Thank you Mr. Chairman,

Ladies and gentlemen,

Thank you for the invitation to join you here in the European Parliament, with Margrethe, to debrief you on the TTC meeting which concluded yesterday.

Clearly, the world has changed since the first TTC meeting in Pittsburgh last September.

At the time, we were putting in place our exit strategies from the pandemic and ramping up our recovery plans.

Now, we are faced with a far more menacing threat.

Russia’s brutal and illegal aggression against Ukraine has brought war back to Europe.

The war was very clearly on our minds at the TTC meeting also in Paris.  It has brought the EU and U.S. closer than we have been for decades.

The working arrangements of the TTC are agile enough to address new situations as they emerge and open new areas of cooperation. 

This way we have achieved close and rapid cooperation on sanctions related to export controls, and aligned measures on import bans.

We further expanded our cooperation to address global food insecurity and supply chain resilience, as well as Russia’s information manipulation and interference. Because it is clear that technologies will have an increasingly predominant role in future conflicts.  

As you have heard already, we have agreed to a forward-looking agenda.

We will work on making supply chains resilient, well-functioning and - where necessary - more diversified.

This work is also closely linked to the climate transition, because of the supply chain disruptions of critical raw materials, which are indispensable for the green transition. We discussed this issue in detail.

We also agreed to cooperate on promoting green trade, for example through green public procurement. We would like this public sector to be the trailblazer to adopt clean new technology.

One specific topic we discussed was exploring the possibility of agreeing on a standard for electric vehicles chargers. This is a rapidly developing market on both sides of the Atlantic. 

If the EU and U.S. can find agreement, there is a good chance this would become a global standard. It would create a substantial marketplace and savings for industry.

On the sustainability side, we are launching a first trade and labour dialogue, scheduled to meet before the summer break. One big aim is to also boost the capability of third countries to fight forced labour and child labour, and more generally to apply ILO standards.

Turning now to the immediate challenges linked to Russia’s war, there was a strong commitment to cooperate on improving global food security.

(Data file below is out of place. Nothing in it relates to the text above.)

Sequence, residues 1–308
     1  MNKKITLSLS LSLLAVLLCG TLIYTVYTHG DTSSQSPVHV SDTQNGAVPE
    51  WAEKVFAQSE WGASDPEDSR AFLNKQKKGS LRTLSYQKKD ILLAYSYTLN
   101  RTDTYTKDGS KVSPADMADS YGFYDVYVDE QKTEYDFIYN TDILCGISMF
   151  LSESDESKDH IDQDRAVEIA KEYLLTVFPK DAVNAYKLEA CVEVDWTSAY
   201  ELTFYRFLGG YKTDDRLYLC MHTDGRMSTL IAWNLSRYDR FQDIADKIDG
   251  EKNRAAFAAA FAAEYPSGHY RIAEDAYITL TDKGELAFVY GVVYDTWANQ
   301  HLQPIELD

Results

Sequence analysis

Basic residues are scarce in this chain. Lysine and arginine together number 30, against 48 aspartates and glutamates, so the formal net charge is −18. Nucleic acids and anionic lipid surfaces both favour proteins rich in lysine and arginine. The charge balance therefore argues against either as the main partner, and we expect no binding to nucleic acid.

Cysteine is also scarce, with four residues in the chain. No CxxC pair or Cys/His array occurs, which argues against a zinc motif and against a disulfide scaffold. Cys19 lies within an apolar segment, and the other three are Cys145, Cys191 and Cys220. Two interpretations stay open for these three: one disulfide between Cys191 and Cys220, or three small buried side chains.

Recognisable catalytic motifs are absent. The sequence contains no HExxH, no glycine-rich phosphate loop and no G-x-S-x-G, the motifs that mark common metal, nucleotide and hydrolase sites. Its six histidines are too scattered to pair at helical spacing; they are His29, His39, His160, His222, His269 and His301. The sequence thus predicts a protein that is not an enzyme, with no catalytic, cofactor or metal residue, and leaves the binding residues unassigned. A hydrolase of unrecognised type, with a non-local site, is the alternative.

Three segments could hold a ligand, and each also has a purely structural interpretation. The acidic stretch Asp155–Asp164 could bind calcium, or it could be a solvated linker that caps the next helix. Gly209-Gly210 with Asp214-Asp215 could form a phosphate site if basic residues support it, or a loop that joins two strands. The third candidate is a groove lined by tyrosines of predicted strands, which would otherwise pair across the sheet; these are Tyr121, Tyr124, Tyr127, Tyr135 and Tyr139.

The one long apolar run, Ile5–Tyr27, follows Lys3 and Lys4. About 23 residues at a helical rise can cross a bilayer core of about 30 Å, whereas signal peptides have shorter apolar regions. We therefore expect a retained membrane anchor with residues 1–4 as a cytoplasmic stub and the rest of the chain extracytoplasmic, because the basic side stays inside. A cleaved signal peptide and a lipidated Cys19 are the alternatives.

As you know, Russia is blocking Ukrainian ports and preventing grain shipments. Russia is also bombing warehouses or simply stealing grain from occupied territories.

With such action, Russia is engineering food insecurity in the developing world, while in parallel running propaganda campaigns blaming our sanctions for the increase in commodity prices.

So we agreed to work on facilitating logistics of commodities, but also on finding ways to avoid import bans in other countries and helping the developing world to withstand this shock.     

At the same time, we are committed to doing all we can to boost trade with Ukraine.

I would like to thank the INTA committee for the swift endorsement of our proposal to temporarily lift tariffs and quotas on Ukrainian goods flowing to the EU.

So we are very much looking forward to a positive plenary vote as this will provide additional help to the Ukrainian economy in these dire times. 

We will build on our unprecedented transatlantic coordination on export controls against Russia and we will further align our approaches in this critical area – and this is an area where, by the way, we were not nearly as aligned just a short time ago.

Export controls are powerful because by denying Russian industry access to key technologies and products, sectors of their economy can be thrown back by decades, and certainly it undermines the capacity of Russia's military-technological complex.

These advances show that the TTC really is becoming our problem-solving platform to equip our economies in a fast-changing world.

There is now a much clearer understanding of what happens when autocracy is threatening democracy, and when technology becomes a new weapon of coercion.

Therefore, we will also now cooperate further on investment screening – a sensitive area closely linked to national security. We face some shared and some individual risks, for example risks linked to sensitive technologies.

Here, we have to close ranks and share each other’s experience so we can better understand and identify these risks arising from some foreign investments.

Ultimately, the TTC is also about boosting transatlantic trade.

Here we are grateful to the many stakeholders for their insights, including on the need to mutually recognise testing procedures in specific sectors and products to facilitate trade. We will gladly take this work forward.

Last but not least, I would reiterate that we are still very much the champions of open and fair trade.

To that end, we should work together to reinforce and where necessary reform global institutions, most urgently the WTO.

Indeed, how we cooperate in the WTO was a topic of discussion.

So to conclude, honourable members, I hope I have provided an overview of yesterday's TTC meeting.

There is clearly wind in the sails of transatlantic cooperation, and our commitment to lead from the front. Thank you.